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Date:   Sat, 7 Mar 2020 11:13:50 +0800
From:   Aaron Lu <>
To:     Tim Chen <>
Cc:     Phil Auld <>, Aubrey Li <>,
        Vineeth Remanan Pillai <>,
        Julien Desfossez <>,
        Nishanth Aravamudan <>,
        Peter Zijlstra <>,
        Ingo Molnar <>,
        Thomas Gleixner <>,
        Paul Turner <>,
        Linus Torvalds <>,
        Linux List Kernel Mailing <>,
        Dario Faggioli <>,
        Frédéric Weisbecker <>,
        Kees Cook <>,
        Greg Kerr <>,
        Valentin Schneider <>,
        Mel Gorman <>,
        Pawan Gupta <>,
        Paolo Bonzini <>
Subject: Re: [RFC PATCH v4 00/19] Core scheduling v4

On Fri, Mar 06, 2020 at 01:44:08PM -0800, Tim Chen wrote:
> On 3/6/20 10:33 AM, Phil Auld wrote:
> > On Fri, Mar 06, 2020 at 10:06:16AM -0800 Tim Chen wrote:
> >> On 3/5/20 6:41 PM, Aaron Lu wrote:
> >>
> >>>>> So this appeared to me like a question of: is it desirable to protect/enhance
> >>>>> high weight task performance in the presence of core scheduling?
> >>>>
> >>>> This sounds to me a policy VS mechanism question. Do you have any idea
> >>>> how to spread high weight task among the cores with coresched enabled?
> >>>
> >>> Yes I would like to get us on the same page of the expected behaviour
> >>> before jumping to the implementation details. As for how to achieve
> >>> that: I'm thinking about to make core wide load balanced and then high
> >>> weight task shall spread on different cores. This isn't just about load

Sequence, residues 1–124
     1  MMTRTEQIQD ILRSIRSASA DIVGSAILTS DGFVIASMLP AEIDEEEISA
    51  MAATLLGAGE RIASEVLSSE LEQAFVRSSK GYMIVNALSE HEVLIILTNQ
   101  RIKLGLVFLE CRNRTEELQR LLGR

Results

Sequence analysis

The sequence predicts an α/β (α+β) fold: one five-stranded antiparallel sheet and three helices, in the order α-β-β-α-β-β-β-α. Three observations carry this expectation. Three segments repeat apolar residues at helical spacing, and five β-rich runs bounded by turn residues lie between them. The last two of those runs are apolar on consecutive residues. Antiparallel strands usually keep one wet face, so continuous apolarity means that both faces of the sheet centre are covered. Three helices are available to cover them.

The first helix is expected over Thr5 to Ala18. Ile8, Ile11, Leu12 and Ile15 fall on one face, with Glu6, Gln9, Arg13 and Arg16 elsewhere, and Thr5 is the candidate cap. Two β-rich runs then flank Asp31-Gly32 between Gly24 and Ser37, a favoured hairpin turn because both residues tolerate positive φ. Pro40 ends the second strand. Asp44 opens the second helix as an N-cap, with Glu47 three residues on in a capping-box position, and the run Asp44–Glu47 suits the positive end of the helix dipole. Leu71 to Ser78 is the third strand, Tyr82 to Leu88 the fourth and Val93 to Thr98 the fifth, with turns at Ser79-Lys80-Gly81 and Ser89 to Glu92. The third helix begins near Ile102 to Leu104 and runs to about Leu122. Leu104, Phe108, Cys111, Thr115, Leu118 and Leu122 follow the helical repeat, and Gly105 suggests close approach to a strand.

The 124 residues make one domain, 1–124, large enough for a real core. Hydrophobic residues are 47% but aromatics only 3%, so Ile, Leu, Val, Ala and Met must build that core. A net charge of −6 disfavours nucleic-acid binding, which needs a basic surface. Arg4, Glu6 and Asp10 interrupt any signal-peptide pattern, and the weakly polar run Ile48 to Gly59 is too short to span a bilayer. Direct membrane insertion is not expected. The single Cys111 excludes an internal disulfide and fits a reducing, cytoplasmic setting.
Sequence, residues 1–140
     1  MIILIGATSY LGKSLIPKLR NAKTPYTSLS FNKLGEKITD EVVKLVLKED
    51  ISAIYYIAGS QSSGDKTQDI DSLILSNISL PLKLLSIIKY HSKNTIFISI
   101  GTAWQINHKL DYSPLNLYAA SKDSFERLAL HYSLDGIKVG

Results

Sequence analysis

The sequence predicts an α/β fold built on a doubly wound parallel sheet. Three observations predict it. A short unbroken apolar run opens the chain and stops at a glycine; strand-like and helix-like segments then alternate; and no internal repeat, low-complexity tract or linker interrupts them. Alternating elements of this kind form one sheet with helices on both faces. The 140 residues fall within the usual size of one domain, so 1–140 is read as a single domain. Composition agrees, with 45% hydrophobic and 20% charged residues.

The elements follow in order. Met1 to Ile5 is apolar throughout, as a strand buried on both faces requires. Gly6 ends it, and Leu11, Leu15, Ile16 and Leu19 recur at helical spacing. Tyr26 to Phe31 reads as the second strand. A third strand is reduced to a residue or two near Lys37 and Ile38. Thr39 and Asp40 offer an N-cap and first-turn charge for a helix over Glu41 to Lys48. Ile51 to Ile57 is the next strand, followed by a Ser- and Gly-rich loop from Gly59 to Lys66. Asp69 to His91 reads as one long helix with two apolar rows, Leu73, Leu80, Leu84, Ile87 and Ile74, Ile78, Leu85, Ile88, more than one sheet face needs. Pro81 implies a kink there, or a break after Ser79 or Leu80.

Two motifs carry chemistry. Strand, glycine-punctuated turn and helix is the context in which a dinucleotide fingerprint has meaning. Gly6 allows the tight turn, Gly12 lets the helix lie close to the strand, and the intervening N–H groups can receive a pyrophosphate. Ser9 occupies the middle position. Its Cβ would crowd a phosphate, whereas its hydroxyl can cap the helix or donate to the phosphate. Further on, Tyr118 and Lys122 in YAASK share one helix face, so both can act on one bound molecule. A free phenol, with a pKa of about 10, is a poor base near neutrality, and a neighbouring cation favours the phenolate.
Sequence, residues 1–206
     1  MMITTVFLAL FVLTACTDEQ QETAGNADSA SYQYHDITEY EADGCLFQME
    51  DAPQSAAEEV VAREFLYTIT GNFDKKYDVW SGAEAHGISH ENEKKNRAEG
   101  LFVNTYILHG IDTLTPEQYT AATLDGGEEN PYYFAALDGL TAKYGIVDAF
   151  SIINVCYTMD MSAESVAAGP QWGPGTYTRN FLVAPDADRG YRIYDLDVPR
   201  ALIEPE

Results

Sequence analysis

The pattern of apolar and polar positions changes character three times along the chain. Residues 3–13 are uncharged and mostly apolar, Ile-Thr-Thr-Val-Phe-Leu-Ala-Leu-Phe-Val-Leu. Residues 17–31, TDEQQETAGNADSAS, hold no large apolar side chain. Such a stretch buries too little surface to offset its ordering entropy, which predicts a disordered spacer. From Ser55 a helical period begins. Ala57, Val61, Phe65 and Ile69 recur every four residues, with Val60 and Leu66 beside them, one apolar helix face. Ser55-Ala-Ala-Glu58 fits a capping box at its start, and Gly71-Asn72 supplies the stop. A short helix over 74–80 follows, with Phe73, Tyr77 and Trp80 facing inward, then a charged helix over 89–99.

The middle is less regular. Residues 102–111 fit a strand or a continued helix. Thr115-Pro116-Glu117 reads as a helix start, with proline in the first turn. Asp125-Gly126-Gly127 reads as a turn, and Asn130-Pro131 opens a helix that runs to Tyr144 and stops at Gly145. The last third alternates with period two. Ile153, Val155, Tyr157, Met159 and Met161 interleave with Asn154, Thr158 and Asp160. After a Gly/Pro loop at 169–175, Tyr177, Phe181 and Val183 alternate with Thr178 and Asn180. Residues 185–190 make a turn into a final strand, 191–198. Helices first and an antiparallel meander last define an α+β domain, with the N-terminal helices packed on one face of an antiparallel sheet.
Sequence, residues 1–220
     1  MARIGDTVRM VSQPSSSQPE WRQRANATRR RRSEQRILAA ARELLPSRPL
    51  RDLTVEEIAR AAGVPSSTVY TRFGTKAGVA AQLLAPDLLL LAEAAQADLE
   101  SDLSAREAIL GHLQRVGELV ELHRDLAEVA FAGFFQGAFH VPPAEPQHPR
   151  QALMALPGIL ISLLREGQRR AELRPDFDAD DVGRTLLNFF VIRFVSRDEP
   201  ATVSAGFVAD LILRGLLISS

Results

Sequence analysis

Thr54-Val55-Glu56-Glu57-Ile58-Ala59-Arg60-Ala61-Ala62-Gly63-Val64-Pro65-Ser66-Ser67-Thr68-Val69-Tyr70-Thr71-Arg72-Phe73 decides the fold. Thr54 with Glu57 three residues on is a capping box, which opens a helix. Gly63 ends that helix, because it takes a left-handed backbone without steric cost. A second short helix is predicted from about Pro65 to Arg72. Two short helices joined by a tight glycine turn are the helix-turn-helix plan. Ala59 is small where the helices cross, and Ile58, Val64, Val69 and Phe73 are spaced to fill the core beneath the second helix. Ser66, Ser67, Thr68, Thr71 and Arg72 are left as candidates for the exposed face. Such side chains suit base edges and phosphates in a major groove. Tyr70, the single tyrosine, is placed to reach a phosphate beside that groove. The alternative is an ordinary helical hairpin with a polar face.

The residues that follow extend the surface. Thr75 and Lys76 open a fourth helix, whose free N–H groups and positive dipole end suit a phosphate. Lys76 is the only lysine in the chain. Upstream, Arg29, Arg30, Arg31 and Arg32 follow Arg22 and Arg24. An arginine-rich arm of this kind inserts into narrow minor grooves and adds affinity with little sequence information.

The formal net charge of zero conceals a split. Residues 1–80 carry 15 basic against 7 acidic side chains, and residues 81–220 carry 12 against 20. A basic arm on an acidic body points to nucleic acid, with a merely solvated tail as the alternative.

> >>> balance, the initial task placement will also need to be considered of
> >>> course if the high weight task only runs a small period.
> >>>
> >>
> >> I am wondering why this is not happening:  
> >>
> >> When the low weight task group has exceeded its cfs allocation during a cfs period, the task group
> >> should be throttled.  In that case, the CPU cores that the low
> >> weight task group occupies will become idle, and allow load balance from the
> >> overloaded CPUs for the high weight task group to migrate over.  
> >>
> > 
> > cpu.shares is not quota. I think it will only get throttled if it has and 
> > exceeds quota.  Shares are supposed to be used to help weight contention
> > without providing a hard limit. 
> > 
> Ah yes.  cpu.quota is not set in Aaron's test case.  
> That said, I wonder if the time consumed is getting out of whack with the 
> cpu shares assigned, we can leverage the quota mechanism to throttle
> those cgroup that have overused their shares of cpu.  Most of the stats and machinery
> needed are already in the throttling mechanism.  

cpu.quota is not work conserving IIUC, it will reduce noise workload's
performance when real workload has no demand for CPU.

Also, while not exceeding quota, the noise workload can still hurt real
workload's performance. To protect real workload from noise, cpu.shares
and SCHED_IDLE seems appropriate but the implementation may not be
enough as of now.

> I am hoping that allowing task migration with task group mismatch
> under large load imbalance between CPUs will be good enough.

I also hope so :-)

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